Love Your Library – my February check-outs #LoveYourLibrary

Rebecca at Bookish Beck hosts a monthly Love Your Library Meme on the last Monday of every month to celebrate all things library-related, but you can share the library love at any point during the month. Some suggestions for posts are:

  • Photos or a list of your latest library book haul
  • An account of a visit to a new-to-you library
  • Full-length or mini reviews of some recent library reads
  • A description of a particular feature of your local library
  • A screenshot of the state of play of your online account
  • An opinion piece about library policies (e.g. Covid procedures or fines amnesties)
  • A write-up of a library event you attended, such as an author reading or book club.

This month, I decided to take part and share the books I recently checked out. My son attended a chess club at our local library last week, so I took advantage while I waited for him and did some browsing. Whether I can find the time to read these during the madness of Reading Ireland Month is another matter, but when has that ever stopped me acquiring books?

The Coward by Jarred McGinnis

The Coward is a semi-autobiographical novel. The narrator is named Jarred. He is also American and a paraplegic, as is the author and the events of the book mirror McGinnis’s real life experiences.

After a car accident, Jarred discovers he will never walk again. Confined to a ‘giant roller-skate’, he finds himself with neither money nor job. Worse still, he is forced to live back home with the father he hasn’t spoken to in ten years. Add in a shoplifting habit, an addiction to painkillers and the fact that total strangers now treat him like he’s an idiot and it’s a recipe for self-destruction. How can he stop himself careering out of control?

To be honest, it wasn’t so much the premise of The Coward that made me check it out, rather it was McGinnis’s droll author’s bio which states that ‘ he inspires the able-bodied by using public transport and taking his daughters to the playground’ and lists his website as

A Run in the Park by David Park

I am such an admirer of David Park’s writing and felt that his last two novels, Spies in Canaan and Travelling in a Strange Land were criminally under-appreciated. I was quite surprised to find this slim book of inter-linked short stories as I hadn’t heard of it before and probably because, from a design point of view it looks more like a light frothy chick-lit book than the more serious novels for which he is known.

A Run in the Park tells the stories of a group of strangers who come together to run. Angela and Brendan are racing towards a wedding day that is increasingly tainted by doubts. Yana runs to free herself from the darkness of the past and to remember her missing brother. Cathy thinks about the secret she has been unable to share. Running takes Maurice past his daughter’s house, the place he is not allowed to enter.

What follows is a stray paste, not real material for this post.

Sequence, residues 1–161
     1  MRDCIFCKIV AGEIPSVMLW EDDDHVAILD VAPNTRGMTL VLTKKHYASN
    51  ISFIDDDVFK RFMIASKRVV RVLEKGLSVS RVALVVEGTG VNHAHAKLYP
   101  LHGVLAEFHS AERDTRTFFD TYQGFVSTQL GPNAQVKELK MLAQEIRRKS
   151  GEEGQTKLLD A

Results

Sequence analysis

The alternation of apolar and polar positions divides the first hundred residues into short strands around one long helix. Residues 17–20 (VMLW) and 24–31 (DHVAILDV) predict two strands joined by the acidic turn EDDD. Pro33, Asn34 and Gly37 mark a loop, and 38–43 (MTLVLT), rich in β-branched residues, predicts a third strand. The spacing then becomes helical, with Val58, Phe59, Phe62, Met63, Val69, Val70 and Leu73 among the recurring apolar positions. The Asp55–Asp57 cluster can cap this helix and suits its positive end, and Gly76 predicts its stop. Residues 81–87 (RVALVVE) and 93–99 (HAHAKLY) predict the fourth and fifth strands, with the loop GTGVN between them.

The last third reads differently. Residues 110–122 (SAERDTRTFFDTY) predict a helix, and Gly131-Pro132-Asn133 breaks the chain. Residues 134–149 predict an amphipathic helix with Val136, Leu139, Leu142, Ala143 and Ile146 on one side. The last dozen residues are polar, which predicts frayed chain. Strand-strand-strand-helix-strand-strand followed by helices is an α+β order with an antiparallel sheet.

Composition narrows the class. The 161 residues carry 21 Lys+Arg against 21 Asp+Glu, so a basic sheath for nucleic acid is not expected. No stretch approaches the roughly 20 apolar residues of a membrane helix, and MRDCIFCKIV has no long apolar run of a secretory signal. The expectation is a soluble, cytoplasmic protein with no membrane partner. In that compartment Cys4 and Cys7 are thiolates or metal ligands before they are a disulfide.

Over the nine weeks unexpected friendships are forged, challenges faced and by the time of their final run together, all will grasp a new commitment to life itself.

This isn’t the type of book I would usually pick up but it’s David Park, so it is bound to be good and it could fit in well with my Reading Ireland Month plans.

All Along the Echo by Danny Denton

Another choice that might make it into my Reading Ireland Month pile, All Along the Echo is a book I highlighted before publication last year.

An editor of The Stinging Fly, Danny Denton made a splash with his debut novel The Earlie King & The Kid in Yellow. His new book has been compared to George Saunders and Samuel Beckett and is set in the world of talk radio.

Tony Cooney, is a radio talk-show host, who takes a road trip across Ireland as part of a publicity stunt organized by a local car dealership. Giving away a car, the catch is that it must go to one of the many emigrants who have recently returned home to escape a wave of escalating terror attacks in London. As he travels across Ireland in the company of his producer Lou Fitzpatrick, navigating Holiday Inns and dual carriageways, all the while giving airtime to a cacophony of voices calling into the show, this turns into a road trip with a difference, changing Tony and Lou’s life forever. Alternating between ‘ON AIR’ and ‘OFF AIR’ segments, the novel experiments with layout and style – some sections are formatted as radio scripts; others are broken up with nonsense words and static interference.

Hailed as ‘one of the best novels of 2022’ by The Telegraph, All Along the Echo sounds like the kind of book I’d really enjoy.

Have you read any of these books, or do any take your fancy? Have you checked anything interesting out of your library this month?


Cathy746books View All →

I am a 40 something book buying addict trying to reduce the backlog one book at a time!

7 Comments Leave a comment

  1. NIce meme!
    I live at a walking distance from my awesome public library, it’s like my second residence!
    I just counted: I currently have 15 books from my library hauls…
    So it’s good for my brain, and for my body: walking and weight lifting (heavy or multiple books), lol


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